Zrínyi Péter (Petar Zrinski)

Zrínyi’s behaviour in particular seems very duplicitous: he betrays the conspiracy and then commits open treason by offering the country to the arch-enemy Ottomans. He is also said to have claimed the Hungarian and Croatian thrones for himself and his family, but this has not been proven. At the same time, his envoys in Vienna continued to try to save their master from the Emperor…

Zrínyi and Frangepán before the execution (painting by Madarász Viktor)

His letter, full of obvious lies, is analyzed by the literary historian Jankovics József. It seems to be a real ‘Hungarian’ trick: the conspirators were not serious about their movement, but only wanted to put pressure on the court for their own interests. The court tolerated the ‘conspiracy’ for years – between 1667 and 1670 – and knew all about it through the participants who kept reporting each other. Through the Grand Vizier, Köprülü Fazil Ahmed, the court received clear evidence of open treason and betrayal: that Zrínyi had offered the lands to the Ottomans while claiming loyalty to the court and blackening the names of his comrades…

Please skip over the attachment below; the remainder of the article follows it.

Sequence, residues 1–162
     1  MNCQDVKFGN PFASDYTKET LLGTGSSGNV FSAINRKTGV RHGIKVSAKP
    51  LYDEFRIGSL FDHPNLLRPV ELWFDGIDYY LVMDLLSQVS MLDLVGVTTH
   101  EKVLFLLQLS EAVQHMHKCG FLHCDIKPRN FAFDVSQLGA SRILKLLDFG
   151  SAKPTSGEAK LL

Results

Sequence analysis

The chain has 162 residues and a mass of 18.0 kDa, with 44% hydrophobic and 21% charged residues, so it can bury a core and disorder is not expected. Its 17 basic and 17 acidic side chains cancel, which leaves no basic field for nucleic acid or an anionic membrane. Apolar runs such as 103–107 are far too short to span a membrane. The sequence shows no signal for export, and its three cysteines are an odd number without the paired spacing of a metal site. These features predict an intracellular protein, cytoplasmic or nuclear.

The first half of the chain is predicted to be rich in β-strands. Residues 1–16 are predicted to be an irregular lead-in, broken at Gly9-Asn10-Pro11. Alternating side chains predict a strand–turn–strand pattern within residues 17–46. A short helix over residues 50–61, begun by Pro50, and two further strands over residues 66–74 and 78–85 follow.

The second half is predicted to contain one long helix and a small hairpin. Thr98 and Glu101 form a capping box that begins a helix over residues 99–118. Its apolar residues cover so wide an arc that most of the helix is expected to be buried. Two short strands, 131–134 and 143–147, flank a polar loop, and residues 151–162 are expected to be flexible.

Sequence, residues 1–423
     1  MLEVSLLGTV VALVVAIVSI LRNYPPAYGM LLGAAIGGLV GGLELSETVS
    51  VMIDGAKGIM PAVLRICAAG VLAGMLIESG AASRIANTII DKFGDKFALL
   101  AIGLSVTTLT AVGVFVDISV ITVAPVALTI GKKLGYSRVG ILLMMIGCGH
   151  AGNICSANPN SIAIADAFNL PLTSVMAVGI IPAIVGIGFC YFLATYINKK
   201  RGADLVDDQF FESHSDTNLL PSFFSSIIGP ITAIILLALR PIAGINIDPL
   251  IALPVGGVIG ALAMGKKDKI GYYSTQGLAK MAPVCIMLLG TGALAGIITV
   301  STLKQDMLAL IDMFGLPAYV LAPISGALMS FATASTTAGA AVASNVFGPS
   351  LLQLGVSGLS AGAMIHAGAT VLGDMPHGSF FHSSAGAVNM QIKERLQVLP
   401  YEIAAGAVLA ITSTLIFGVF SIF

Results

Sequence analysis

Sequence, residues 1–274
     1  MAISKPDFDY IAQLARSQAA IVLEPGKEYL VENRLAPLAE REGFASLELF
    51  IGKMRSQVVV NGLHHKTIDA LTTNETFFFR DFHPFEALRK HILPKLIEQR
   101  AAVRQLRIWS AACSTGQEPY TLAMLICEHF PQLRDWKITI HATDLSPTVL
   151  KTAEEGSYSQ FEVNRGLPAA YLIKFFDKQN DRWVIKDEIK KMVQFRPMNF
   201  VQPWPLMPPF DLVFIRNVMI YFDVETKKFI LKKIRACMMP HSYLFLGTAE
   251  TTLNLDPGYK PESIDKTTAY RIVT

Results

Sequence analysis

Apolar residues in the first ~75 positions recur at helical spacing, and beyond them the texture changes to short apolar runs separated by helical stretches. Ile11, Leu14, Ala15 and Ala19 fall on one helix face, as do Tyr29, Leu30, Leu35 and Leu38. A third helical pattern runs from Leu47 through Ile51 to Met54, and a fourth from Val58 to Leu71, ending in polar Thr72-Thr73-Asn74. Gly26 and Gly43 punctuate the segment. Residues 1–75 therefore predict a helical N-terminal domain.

The executed conspirators…
Source: partly by Rubicon,  Szibler Gábor, and Kiss Csaba

Dear Readers, I can only make this content available through small donations or by selling my books or T-shirts:

Please  feel free to support me with a coffee here: You can check out my books on Amazon or Draft2Digital, they are available in hardcover, paperback, or ebook: https://www.amazon.com/dp/198020490X or at https://books2read.com/b/boYd81

“The Ring of Kékkő Castle” (Paperback)

 My work can also be followed and supported on Patreon: Become a Patron!http://Become a Patron!

Become a Patron!

My T-shirts are available: https://hungarianottomanwars.myspreadshop.com/all